In this passage, we are told of a people who are to a certain extent characterized by skin color, and so it could be argued that a racial element has now come into play. In this example, we have reference to a group of dark-skinned cannibals. But, at least according the Wonders, the monstrous hostes are to be feared not because of their race or the color of their skin, but rather on account of their potentially life-threatening behavior.

Another reference to dark-skinned people in the Wonders describes a group who live upon a marvelous mountain:

Old English Prose Modern English Translation
Ðonne is oðer dun þær syndon swearte menn, ond nænig oðer man to ðam mannum geferan mag forðam þe seo dun byð eall byrnende. Then there is another mountain where there are dark people, and no one else can travel to those people because the mountain is everywhere burning.

Here what seems wondrous is the mountain, described as ‘everywhere burning’ and possibly the fact that these people are able to live in such an inhospitable environment. While I am not arguing that the reference to skin color is irrelevant, or to be ignored; however, I would suggest that what is being most marveled at is the mountain and the way it protects these inhabitants, and least of all that these people are described as swearte—‘swarthy’ or ‘dark’ in Old English.

Which brings us, at long last, to the passage on sigelwara or ‘Ethiopians’ in the Wonders, which begins not with reference to these people, but rather to the nearby marvelous trees, on which gemstones are said to grow.

The sigelwara depicted in the Old English ‘Wonders of the East,’ BL Cotton Vitellius a.xv, 106v.
Old English Prose Modern English Translation
Ðonne is treowcyn on þæm þa deorwyrþystan stanas synd of acende, þonon hy growað. Þær þa moncyn is seondan sweartes hyiwes on onsyne, þa mon hateð sigelwara. Then, there is a kind of tree, which grows there, on which the most precious stones sprout. There is also a group of people there of dark color in appearance, who are called Ethiopians (sigelwara).

Indeed it is the jewel-producing trees, which are the true wonder in this section, and the reference to the sigelwara appears as something of an afterthought, though they are characterized entirely based on their skin color. This physical feature is mentioned before the text swiftly transitions to the next wonder in the collection.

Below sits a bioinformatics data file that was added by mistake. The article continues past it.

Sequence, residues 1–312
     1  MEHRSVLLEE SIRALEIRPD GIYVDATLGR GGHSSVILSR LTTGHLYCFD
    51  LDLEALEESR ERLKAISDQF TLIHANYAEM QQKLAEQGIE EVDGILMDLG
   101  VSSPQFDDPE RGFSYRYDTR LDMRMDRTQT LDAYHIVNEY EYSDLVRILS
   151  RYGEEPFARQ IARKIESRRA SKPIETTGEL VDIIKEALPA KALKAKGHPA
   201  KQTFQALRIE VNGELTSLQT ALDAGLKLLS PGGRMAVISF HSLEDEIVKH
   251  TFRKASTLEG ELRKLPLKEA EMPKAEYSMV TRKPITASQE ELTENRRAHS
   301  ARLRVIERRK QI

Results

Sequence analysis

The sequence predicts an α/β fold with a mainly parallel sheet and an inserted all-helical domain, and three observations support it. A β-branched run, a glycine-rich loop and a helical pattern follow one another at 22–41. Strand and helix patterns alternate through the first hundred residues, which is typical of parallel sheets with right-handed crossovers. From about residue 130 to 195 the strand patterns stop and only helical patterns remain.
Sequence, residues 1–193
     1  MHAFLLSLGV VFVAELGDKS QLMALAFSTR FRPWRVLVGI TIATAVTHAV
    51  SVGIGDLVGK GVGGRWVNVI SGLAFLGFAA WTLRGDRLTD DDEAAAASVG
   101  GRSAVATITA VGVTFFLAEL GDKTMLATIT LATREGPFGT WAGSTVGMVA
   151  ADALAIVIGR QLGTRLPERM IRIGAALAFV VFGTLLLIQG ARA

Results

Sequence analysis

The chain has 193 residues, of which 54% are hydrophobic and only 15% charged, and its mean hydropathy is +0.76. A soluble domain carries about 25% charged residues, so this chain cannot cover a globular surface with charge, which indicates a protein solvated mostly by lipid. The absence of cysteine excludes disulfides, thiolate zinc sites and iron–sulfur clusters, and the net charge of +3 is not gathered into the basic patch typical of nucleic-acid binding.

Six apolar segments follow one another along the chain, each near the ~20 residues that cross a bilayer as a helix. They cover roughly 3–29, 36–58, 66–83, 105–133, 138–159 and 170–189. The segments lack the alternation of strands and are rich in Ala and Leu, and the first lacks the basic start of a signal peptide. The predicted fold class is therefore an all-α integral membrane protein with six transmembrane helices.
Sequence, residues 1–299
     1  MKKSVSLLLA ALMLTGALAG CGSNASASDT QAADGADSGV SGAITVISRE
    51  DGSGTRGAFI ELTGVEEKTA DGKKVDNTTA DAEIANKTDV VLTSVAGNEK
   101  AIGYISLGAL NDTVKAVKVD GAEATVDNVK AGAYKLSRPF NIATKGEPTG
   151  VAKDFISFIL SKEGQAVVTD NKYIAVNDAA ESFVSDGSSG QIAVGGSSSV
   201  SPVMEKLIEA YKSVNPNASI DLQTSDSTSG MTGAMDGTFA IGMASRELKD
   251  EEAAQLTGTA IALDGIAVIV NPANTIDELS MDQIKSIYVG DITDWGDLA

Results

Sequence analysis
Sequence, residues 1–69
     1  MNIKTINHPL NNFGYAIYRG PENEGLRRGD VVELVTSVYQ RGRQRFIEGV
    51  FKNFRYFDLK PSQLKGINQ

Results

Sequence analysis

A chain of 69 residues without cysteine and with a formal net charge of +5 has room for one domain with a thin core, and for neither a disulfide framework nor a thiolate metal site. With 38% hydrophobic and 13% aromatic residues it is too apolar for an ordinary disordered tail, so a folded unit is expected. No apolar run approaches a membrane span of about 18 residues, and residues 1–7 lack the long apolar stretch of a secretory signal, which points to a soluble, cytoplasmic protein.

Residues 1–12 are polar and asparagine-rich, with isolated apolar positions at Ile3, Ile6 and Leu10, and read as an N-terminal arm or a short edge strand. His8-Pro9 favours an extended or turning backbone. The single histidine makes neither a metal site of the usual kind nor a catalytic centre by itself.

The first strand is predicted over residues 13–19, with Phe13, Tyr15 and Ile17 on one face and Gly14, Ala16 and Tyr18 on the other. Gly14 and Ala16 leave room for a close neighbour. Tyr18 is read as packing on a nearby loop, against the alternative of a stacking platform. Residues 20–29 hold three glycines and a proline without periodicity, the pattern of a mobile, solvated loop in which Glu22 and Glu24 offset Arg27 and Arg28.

Though the Wonders refers to Ethiopians in its list of marvels, I would argue the text is more guilty of exoticism than racism, and reflects wonder about different groups of people without any reference to respective racial superiority or inferiority. In fact, that these people were from a far away place and are described as visually different seems only to heighten the interest and intrigue.

It is true that with the Wonders, we have a text that characterizes groups of people based on their physical characteristics, and so the text is—or at least can be read as—racist in this sense. However, it is important to note that white-skinned people are just as wondrous (or monstrous) as dark-skinned people in the text, primarily made marvelous by their status as strange, foreign and other. The Wonders demonstrates medieval fascination with the exotic and the marvelous, and the spatial orientation of the text may even reflect a desire to be elsewhere. Indeed, certainly in Anglo-Saxon England as with most of medieval Europe, people considered themselves to be living in something of a cultural backwater, and places to the south and east (whether cities such as Rome, Constantinople, Baghdad, or regions such as Ethiopia or India) were considered culturally superior in that they were places full of knowledge and wonders.

While the Old English Wonders of the East should by no means be taken as a representative of all medieval people’s perception or interest in foreign wonders (as no single text could), it nevertheless tells quite a different story about racial attitudes in Anglo-Saxon England than the narratives pushed by modern Neo-Nazi and White Supremacist groups, who we all know are the real monsters.

Richard Fahey
PhD Candidate
Department of English
University of Notre Dame

Works Cited:

British Library’s “Monsters and Marvels in the Beowulf Manuscript” (2013).

Fulk, R. D. The Beowulf Manuscript. Dumbarton Oaks, 2010: 16-31.

Kim, Susan M. and Asa Mittman. “Ungefrægelicu deor: Truth and the Wonders of the East.” Different Visions: A Journal of New Perspectives on Medieval Art 2 (2010): 1-22. 

Mittman, Asa Simon. ‘Are the ‘monstrous races’ races?’ Postmedieval 6:1 (2015):  36-51.

Orchard, Andy. Pride and Prodigies: Studies in the Monsters of the Beowulf Manuscript. 1995.



London, British Library, Cotton Tiberius b.v fols.78v-87r.

London, British Library, Cotton Vitellius a.xv fols.98v-106.


The Role of Researchers in Public Protest

The fiscal year ends in a few weeks, and researchers of all stripes are worried about how Trump’s threats to cut funding will pan out. The presidential administration has proposed to slash support for a spectrum of federal agencies including the National Endowment for the Humanities, the National Endowment for the Arts, and the National Institutes of Health. As the March for Science that took place in major cities around the world last April showed, there is a way for academics to work with the public to peacefully and effectively promote intellectual pursuits.